Classics in the French Caribbean: Sint Maarten
Pianist Ronée Boyce explores music in the French Caribbean in the second of a series of guest
November concert engagements on the island were not only a welcomed escape from colder climes, I was happy to have some days off within the week to discover it.
The plane makes an incredibly dramatic and memorable entrance onto Sint Maarten’s Juliana airport runway, wheels dangling low enough for sunbathers below on Maho Beach to almost reach out and touch. Voluble airplane passenger shrieks transform into gales of laughter and applause, like a movie scene extracted straight
from Hollywood, as the plane touches down on the tarmac. We had not yet disembarked, and I already knew that I was in for quite an adventure.
Nicknamed “The Friendly Island”, Sint Maarten is half French, half Dutch and predominantly English-speaking. Predictably, many of its
expatriates hail from Holland and France, giving the Caribbean island an extremely chic, European vibe. Three other islands dwell in very close proximity; the island of Anguilla is only a 30-minute boat ride away; the glamourous island of St. Barth’s is a 45-minute journey in the opposite direction. Saba, with its modest island population of 1,200, required a 2-hour journey at sea, however flying is often advised due to rough waters. Its hazy mountainous appearance stands off in the distance like a shining bulwark in the ocean’s midst.
Winter concerts in warmer climates usually place just about enough wind in my sails to embolden me to press onward through the rest of Canadian winter. So performances on the Island of Sint Maarten were right up my alley.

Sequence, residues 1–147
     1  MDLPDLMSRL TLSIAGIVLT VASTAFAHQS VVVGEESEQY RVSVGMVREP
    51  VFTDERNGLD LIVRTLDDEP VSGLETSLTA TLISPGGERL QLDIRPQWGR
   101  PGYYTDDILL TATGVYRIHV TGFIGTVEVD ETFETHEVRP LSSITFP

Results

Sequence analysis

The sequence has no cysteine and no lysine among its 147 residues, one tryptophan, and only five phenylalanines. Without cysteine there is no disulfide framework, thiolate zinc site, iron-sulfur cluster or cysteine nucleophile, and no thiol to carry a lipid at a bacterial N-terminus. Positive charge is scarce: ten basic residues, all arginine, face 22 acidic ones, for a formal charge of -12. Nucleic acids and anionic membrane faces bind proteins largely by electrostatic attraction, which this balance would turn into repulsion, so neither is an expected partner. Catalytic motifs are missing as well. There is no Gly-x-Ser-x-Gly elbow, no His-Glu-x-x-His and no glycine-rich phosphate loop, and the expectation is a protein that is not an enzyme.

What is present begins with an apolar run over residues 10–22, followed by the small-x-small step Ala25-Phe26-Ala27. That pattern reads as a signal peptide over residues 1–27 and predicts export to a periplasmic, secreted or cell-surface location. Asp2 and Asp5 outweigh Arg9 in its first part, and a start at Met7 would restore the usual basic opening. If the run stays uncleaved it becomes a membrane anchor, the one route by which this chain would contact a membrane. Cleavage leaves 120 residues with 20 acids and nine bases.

I travelled to St. Maarten with my piano trio; we spotted our crew in airport arrivals holding up a sign with my name on it. After exchanging warmly greetings by the executive director and her assistants with big hellos and hugs, our luggage was boarded into the trunk of an SUV, and we were whisked away in a 3-vehicle entourage, to our condos and car rental. It seemed a tiny bit humorous travelling in three cars down a 1 lane road, but their earnest desire to treat us well was very touching.
After an hour and a half of unpacking and to get ready to dine at one of the best seafood restaurants in recent memory (I’ll speak more about the cuisine later). “The Friendly Island” of Sint Maarten was certainly living up to its name!
The first few days were spent on the Dutch side of the island, mostly rehearsing in the concert hall. We were taken yachting around the entire island which in retrospect, was a much easier mode of transportation. We boarded on the Dutch side of the island, in the town of Phillipsburg,
We were really grateful to have a car; although it is possible to get around the entire island in about an hour, there are many winding roads and we had a much easier time getting from place to place. The French side of the island had many charming French patisseries where
Hailed as the culinary capital of the Caribbean, Sint Maarten’s exceptional range of cuisine was a gastronomic delight an integral part of the entire trip; each day after rehearsal we awaited seafood delights such as mahi mahi, salmon tartare, wahoo coconut shrimp The next day technically our first day was a day off.